• Business operations can differ in realized competitive value in a similar way. As an example, an up-front more complex and costly business intelligence access approvals process might be a competitive detriment, absent externally sourced security risk such as hacker intrusion attempts. But it might offer essential competitive capability and even essential overall business value if that form of business risk is realized and that business does face this type of information systems intrusion attempt.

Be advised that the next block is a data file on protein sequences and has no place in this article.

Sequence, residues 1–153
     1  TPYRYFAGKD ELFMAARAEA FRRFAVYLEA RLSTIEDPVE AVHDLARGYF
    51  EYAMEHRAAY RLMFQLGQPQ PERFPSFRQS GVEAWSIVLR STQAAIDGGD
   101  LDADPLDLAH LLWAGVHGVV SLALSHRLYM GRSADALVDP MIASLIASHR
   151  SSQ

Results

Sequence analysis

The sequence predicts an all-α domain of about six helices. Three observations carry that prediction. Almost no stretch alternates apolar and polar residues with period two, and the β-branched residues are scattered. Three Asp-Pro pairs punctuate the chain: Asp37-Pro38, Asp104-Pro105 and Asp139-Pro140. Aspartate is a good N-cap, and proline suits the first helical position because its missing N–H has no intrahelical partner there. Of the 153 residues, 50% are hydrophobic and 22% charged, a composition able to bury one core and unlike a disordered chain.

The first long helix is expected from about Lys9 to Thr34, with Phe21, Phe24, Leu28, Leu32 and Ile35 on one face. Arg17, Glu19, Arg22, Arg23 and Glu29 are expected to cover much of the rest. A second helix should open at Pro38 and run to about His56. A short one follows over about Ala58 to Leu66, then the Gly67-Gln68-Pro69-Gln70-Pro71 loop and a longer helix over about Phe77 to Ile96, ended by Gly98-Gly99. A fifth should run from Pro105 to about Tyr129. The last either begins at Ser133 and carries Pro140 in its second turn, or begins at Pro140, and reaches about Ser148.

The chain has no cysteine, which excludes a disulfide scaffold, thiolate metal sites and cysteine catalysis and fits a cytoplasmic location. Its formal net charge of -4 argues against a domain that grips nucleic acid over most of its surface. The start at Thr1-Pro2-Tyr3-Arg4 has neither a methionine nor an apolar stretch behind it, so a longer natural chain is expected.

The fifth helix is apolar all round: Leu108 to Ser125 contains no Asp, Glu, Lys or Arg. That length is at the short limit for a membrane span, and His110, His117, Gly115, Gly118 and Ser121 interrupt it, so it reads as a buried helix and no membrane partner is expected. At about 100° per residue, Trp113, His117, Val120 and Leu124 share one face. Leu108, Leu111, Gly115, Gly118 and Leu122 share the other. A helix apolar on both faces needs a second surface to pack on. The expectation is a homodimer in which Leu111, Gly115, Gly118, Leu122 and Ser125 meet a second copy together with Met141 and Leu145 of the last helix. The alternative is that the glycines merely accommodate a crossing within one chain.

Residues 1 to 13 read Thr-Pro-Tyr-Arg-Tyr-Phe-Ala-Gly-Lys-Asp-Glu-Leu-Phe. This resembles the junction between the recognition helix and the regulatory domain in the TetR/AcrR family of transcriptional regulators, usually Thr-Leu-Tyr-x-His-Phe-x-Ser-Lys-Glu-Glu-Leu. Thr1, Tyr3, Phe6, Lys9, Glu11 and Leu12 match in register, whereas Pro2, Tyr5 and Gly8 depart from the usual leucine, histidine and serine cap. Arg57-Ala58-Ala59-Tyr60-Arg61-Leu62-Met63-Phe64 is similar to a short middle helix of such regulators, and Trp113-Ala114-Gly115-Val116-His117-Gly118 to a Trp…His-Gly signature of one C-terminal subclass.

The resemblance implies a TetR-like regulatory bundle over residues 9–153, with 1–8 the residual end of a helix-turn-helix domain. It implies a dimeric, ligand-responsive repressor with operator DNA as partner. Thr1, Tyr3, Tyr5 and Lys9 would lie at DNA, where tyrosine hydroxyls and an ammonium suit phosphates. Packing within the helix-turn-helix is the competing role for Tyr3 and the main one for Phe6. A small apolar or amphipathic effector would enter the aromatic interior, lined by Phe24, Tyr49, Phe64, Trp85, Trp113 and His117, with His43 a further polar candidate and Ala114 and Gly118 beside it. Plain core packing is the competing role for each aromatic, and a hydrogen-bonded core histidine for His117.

And this brings me to a point that I noted as an aside above, where I wrote in a bullet point of competitive selection taking place between individual businesses “as a simplest consideration.” And that brings me to competitive selection at the supply chain level. I mentioned in Part 7 that I will discuss an approach to natural selection called group selection for that, and add that I will also discuss a phenomenon called kin selection in that context too. And as I have passed the 1,100 word count for this posting now, I will do that in a next series installment. Meanwhile, you can find this and related postings at Business Strategy and Operations – 3 and also at Page 1 and Page 2 of that directory. You can also find this and other related material at Ubiquitous Computing and Communications – everywhere all the time 2 and at the first page to that directory.